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Investing with Purpose: Mid-Year Reflections and Resolutions

Investing with Purpose isn’t an oxymoron. At Servant Financial, we believe that profit and principles go hand-in-hand. In early 2021, we identified five purposeful investing opportunities for this year and beyond. In light of the COVID pandemic, turbulent economic conditions, and the accelerating sustainability movement, we predicted growth in ESG investments, alternative investments, essential businesses, inflation hedges, and education.

As we pass the halfway point of 2021, we take the opportunity to reflect: were our predictions directionally accurate? Simultaneously, we look forward: what developments do we expect over the remainder of the year and beyond?

1. ESG Investments

ESG, or environmental, social, governance, refers to a company’s attitude and behavior toward its employees and community. ESG investing prioritizes the wellbeing of employees, society, and the earth. This trend is especially appealing to millennials and women, who continue to demonstrate their support for ESG investments in 2021.

In the first quarter of 2021, US sustainable funds set a new net inflow record of $21.5 billion. One analysis of 27 ESG funds from December 31, 2020 to May 17, 2021, found that 16 of the funds outperformed the S&P 500. ESG has become a momentum factor, as ESG funds and their underlying equities attract more fund flows which beget more fund flows. Experts predict that the sustainability market will only continue its tremendous growth—by 2030, the ESG market could reach $1 trillion.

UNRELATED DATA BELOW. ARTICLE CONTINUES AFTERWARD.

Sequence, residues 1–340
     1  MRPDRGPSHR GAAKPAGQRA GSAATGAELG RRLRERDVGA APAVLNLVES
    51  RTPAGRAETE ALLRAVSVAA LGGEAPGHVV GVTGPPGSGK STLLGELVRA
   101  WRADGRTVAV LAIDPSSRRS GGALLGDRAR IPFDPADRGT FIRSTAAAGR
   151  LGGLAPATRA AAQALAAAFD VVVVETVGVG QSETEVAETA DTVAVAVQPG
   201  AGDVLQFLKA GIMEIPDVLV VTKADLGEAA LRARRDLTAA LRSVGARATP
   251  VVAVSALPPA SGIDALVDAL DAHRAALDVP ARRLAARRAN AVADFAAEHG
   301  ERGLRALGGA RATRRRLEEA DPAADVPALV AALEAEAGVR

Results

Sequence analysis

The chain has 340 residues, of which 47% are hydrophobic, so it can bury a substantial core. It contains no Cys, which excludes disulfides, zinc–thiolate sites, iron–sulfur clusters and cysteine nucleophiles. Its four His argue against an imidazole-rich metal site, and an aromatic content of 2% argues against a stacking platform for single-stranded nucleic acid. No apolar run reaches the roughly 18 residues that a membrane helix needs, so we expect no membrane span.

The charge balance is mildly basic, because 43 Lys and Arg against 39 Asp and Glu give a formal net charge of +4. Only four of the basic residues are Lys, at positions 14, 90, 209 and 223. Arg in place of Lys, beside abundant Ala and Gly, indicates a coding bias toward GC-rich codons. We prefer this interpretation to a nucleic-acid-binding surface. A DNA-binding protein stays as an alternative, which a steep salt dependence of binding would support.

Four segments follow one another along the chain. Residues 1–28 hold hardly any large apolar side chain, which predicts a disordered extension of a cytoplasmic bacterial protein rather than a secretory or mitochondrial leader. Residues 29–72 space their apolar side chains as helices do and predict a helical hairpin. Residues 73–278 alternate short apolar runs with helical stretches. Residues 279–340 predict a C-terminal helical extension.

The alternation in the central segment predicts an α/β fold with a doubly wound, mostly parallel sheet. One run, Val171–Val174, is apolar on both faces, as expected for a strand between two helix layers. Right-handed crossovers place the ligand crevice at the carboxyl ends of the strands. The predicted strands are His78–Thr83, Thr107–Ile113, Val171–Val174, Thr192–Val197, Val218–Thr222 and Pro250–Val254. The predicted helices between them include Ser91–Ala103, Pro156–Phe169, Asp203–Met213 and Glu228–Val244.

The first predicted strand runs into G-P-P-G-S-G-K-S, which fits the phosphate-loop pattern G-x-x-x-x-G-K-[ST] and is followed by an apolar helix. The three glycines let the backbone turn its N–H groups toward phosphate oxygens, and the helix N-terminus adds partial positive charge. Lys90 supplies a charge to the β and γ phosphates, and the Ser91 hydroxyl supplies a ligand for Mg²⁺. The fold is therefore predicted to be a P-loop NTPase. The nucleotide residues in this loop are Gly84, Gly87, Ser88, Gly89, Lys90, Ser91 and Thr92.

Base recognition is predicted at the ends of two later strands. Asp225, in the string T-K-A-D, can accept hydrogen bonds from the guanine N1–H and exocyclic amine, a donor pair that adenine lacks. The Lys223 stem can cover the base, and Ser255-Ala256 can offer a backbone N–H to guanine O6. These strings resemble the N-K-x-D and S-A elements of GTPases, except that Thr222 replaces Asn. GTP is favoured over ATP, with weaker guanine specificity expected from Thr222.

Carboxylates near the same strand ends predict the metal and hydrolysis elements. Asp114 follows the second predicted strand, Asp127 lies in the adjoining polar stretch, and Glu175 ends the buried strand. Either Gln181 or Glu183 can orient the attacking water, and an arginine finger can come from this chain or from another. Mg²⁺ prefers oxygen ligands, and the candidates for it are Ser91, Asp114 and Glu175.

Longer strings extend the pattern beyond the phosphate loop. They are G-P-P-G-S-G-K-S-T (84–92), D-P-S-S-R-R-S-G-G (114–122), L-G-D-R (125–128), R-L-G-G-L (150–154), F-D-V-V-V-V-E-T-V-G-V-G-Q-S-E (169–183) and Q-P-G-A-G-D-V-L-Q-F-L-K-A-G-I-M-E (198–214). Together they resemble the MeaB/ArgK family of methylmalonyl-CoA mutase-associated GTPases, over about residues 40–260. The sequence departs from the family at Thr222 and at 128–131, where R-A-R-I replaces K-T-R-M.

Servant Financial’s ESG research continued in 2021. In recent articles, we explored markets and trends in energy storage, organics, and carbon credits. At Servant Financial, we are committed to learning and innovation to help you invest in a sustainable future.

2. Alternative Investments

Alternative, or nontraditional, investments not only diversify your investment portfolio but have tremendous potential to benefit communities in unique ways. Alternative investments look beyond traditional stocks and bonds: real estate, infrastructure, gold, and bitcoin are just a few of the myriad alternative investing possibilities.

Servant Financial has identified farmland as a meaningful and profitable alternative investment. Traditionally, the farmland market has boasted high returns and low volatility; furthermore, investors profit not only from land value appreciation but also regular rent collection.